When speaking you have the opportunity to influence others to deal with your organization. Your objectives should include gathering their names, introducing them to your product line, and initiating their desire to take a sales presentation.

That said, if you are invited to speak, or if you arrange the engagement, it is important that you deliver an 'educational' experience not a sales presentation. There is nothing worse than a speaker who continually focuses on product features and benefits. They are perceived as just trying to sell something and lose credibility. It is wise as a speaker that you educate the audience how to address existing challenges, identify problems, and then suggest alternative solutions.

Creates Demand For More
When you give great information that is educational and professionally and enthusiastically presented, those listening are confident of your abilities to assist them. You can also benefit by creating curiosity on the part of the audience. You usually only have time to present an overview, or reveal one or two key points. This means you can often increase the desire of the attendees to inquire for more information. Bingo! You now have their contact information and put them into your marketing cycle.

Quality Leads
You will be amazed at the quality of leads you can generate as a speaker. As long as you know the demographics of the event where you wish to present, you can almost be guaranteed an audience of pre-screened, qualified prospects. Not only that, based on the topic, it further qualifies your prospects right down to the problems they face and the solution you know you deliver.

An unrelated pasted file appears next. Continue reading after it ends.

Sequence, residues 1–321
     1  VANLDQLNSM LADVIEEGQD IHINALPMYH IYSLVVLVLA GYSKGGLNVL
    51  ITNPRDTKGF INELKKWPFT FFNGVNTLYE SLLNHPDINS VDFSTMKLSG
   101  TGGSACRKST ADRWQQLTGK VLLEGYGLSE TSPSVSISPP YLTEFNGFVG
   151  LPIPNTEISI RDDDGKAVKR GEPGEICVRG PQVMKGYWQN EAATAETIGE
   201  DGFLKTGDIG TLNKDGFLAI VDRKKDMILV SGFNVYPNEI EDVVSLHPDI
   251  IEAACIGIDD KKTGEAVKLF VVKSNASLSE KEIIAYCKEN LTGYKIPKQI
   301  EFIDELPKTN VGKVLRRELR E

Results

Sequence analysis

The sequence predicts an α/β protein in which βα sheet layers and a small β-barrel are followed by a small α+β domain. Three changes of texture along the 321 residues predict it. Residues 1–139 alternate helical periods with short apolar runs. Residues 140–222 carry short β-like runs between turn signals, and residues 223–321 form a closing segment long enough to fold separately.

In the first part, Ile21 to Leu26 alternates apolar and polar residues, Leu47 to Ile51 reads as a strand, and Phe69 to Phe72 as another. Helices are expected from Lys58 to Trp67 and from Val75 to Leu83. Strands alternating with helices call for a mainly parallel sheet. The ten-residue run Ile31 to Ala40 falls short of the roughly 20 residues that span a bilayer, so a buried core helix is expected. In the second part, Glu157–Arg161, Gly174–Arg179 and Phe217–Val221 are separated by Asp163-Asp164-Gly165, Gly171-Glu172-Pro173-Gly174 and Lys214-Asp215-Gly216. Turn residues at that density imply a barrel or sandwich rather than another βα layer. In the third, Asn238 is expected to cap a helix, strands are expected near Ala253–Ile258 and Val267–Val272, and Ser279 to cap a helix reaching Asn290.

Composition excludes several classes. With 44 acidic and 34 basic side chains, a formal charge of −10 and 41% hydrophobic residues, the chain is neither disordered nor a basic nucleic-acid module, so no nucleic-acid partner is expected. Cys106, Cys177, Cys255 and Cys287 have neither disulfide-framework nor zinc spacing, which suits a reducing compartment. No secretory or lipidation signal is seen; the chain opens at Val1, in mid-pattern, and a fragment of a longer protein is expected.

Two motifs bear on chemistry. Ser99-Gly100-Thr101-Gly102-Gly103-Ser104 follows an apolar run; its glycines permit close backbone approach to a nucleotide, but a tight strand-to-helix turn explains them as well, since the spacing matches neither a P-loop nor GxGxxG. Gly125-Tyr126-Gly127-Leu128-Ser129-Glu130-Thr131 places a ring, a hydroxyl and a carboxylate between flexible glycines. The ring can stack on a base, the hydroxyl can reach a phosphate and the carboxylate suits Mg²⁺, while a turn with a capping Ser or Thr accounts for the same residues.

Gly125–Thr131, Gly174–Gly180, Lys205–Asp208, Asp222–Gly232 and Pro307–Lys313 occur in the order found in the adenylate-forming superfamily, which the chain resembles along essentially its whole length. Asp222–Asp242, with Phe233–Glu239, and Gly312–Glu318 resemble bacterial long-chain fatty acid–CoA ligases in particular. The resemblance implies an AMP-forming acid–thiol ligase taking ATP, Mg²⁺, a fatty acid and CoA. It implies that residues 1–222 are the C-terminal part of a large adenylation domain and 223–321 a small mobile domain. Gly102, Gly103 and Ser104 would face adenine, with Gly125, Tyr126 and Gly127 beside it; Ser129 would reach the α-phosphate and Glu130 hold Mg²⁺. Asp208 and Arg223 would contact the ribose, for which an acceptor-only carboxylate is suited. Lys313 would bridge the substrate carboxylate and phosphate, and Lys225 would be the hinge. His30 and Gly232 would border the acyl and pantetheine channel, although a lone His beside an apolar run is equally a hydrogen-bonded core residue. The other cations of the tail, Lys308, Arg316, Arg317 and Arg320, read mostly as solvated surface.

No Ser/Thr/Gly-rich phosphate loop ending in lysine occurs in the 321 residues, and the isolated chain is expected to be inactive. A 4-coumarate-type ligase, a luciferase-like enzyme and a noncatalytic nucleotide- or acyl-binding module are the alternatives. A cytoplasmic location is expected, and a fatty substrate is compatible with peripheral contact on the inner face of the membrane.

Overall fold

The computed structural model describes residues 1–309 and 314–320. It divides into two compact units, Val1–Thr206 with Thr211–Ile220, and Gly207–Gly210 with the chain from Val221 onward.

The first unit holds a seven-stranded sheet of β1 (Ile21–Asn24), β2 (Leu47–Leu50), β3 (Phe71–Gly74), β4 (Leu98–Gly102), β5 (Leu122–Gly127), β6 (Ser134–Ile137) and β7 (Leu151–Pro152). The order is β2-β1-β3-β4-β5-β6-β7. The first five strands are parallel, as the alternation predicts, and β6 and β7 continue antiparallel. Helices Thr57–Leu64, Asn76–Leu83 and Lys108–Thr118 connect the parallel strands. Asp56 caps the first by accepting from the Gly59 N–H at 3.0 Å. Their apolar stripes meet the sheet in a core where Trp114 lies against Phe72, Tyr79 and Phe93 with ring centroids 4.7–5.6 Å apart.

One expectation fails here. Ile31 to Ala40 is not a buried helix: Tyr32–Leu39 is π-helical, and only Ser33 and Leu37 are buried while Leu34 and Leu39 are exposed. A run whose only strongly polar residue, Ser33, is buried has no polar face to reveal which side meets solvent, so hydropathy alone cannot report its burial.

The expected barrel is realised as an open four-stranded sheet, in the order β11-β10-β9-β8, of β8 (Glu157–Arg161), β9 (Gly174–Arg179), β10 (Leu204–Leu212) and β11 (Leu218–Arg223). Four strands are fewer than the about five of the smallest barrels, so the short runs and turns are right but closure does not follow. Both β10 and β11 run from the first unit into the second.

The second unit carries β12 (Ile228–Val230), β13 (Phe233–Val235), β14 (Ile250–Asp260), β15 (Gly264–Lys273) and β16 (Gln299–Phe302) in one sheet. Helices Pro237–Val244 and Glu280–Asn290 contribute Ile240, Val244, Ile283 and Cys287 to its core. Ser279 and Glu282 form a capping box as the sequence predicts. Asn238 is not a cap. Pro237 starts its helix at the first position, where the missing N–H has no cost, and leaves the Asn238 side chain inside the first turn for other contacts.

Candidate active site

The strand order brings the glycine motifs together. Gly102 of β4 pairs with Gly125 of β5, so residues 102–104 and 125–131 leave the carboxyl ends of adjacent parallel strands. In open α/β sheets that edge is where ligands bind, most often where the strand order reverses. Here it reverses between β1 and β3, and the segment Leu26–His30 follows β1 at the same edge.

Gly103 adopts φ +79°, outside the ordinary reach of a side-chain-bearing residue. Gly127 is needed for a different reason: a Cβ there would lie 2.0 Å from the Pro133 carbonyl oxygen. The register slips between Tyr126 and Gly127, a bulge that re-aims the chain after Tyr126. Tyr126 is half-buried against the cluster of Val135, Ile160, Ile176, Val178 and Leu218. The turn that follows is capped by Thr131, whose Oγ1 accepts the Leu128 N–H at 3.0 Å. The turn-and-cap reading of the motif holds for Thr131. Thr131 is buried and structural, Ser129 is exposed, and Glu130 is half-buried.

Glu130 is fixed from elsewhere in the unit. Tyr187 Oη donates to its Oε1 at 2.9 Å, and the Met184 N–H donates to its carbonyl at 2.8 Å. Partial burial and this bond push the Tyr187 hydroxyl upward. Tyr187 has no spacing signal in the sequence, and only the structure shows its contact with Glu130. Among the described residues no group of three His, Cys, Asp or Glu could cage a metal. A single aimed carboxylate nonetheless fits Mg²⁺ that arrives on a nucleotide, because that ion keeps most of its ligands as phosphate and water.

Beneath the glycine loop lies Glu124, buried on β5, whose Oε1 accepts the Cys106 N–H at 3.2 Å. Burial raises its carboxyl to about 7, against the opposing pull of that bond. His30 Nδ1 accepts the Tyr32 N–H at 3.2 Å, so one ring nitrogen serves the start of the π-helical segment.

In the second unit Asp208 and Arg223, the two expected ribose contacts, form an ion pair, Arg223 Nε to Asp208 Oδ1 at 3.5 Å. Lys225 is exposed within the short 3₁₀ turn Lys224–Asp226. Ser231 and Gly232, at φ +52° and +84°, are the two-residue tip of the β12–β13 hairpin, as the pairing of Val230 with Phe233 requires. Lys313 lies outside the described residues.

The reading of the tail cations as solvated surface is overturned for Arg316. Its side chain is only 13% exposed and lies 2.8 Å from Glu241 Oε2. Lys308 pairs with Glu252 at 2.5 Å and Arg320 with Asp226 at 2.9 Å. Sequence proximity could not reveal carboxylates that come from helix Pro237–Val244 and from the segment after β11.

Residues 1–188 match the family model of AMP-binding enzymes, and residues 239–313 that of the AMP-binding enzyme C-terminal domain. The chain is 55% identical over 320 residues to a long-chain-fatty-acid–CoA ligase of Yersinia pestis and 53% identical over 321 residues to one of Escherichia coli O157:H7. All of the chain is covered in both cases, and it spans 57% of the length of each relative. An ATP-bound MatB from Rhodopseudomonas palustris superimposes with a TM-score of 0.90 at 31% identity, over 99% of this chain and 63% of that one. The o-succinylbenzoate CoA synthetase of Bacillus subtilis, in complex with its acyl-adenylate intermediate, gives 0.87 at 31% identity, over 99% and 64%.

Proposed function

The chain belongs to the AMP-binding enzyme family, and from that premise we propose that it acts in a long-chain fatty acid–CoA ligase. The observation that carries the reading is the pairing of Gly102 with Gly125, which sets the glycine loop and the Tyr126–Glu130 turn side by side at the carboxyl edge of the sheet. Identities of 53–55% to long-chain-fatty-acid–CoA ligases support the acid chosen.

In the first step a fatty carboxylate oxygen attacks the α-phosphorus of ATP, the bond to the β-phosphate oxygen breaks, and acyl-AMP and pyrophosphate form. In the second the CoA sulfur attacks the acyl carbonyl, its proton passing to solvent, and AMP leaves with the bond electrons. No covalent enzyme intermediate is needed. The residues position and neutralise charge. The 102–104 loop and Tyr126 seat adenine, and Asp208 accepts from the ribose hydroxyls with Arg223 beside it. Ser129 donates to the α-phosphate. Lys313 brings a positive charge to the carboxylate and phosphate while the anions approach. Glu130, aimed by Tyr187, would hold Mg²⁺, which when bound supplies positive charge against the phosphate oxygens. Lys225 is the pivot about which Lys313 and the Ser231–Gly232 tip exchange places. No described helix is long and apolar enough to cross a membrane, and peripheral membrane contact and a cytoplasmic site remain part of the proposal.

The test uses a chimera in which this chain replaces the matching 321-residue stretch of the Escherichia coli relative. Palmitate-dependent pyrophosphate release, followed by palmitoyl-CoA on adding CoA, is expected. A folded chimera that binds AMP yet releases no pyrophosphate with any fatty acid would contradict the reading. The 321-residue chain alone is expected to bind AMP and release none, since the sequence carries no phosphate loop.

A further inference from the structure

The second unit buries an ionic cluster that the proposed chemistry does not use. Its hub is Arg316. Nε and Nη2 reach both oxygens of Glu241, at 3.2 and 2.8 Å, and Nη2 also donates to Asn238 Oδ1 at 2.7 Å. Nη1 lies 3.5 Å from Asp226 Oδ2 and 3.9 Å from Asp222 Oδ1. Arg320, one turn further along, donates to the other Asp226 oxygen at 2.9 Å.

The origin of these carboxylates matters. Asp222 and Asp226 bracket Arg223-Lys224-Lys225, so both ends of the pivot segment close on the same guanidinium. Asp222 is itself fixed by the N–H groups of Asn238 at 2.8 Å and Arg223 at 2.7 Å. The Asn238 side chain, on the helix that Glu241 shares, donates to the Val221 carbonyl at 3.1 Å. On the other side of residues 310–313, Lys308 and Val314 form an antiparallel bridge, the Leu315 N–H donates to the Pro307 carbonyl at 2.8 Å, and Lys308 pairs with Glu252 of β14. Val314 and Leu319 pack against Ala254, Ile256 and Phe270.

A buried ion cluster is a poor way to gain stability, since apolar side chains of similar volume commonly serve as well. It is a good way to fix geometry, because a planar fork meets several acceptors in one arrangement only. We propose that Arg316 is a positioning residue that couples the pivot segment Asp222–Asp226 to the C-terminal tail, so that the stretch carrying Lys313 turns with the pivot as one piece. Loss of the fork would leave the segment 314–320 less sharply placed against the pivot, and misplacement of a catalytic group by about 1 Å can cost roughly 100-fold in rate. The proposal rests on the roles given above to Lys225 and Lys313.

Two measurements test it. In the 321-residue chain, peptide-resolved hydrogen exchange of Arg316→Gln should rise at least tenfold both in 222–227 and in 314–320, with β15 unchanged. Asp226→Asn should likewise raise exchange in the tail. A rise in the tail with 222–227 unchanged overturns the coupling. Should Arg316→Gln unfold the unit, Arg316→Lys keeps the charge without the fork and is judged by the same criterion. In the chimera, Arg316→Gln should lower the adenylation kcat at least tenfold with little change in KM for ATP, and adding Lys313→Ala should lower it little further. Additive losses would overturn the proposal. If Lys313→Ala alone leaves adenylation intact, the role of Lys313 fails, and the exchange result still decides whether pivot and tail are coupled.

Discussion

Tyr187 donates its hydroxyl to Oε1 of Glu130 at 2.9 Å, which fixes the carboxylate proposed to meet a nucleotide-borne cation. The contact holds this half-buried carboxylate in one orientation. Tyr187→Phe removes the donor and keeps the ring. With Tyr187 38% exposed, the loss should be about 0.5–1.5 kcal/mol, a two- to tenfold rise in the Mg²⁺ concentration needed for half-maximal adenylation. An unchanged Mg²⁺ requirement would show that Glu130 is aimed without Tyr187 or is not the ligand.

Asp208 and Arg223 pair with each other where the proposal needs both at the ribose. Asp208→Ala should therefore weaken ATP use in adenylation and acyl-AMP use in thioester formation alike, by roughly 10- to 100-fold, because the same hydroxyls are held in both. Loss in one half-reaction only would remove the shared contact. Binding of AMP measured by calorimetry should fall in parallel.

Don't Like The Spotlight?
So, now you're thinking, "Right. I prefer death to speaking." This attitude is not uncommon. However, if you are not one to "hop up on a soap box" or fear public speaking, then you can recruit any number of people from other sources and have your company 'sponsor' them. For example, they are introduced as, "Presented by ABC Voice Company..."

Think about anyone you know with specific knowledge of your company, your technology, or the challenges faced by the verticals that you serve. It could be someone in your company, such as an employee who aspires to be a speaker, a supplier who might sponsor an expert (or better yet, provide one of their own) or a consultant or analyst with whom you have a working relationship.

Can We Talk?
The professional speaking industry itself is worth billions because organizations are always looking for great speakers to make their event a success. In the technology industry, event planners seek the same outcome but their challenge is to find knowledgeable experts rather than motivational speakers. You or people in your company are just what they want.

You need to make this tactic a big part of your public relations strategy if it is not already. There are numerous ways to leverage speaking opportunities into millions of dollars and hopefully this introduction will set you on your way. So remember, "Your profits go up, when you speak up!"

Martin Wales, The Customer Catcher™, is a business development specialist helping companies win and keep more business through better customer relationships. He is a technology-marketing specialist, speaker, and facilitator. Using your company's existing resources, Wales is able to create maximum results with minimum risk. Contact him at martin@customercatcher.com.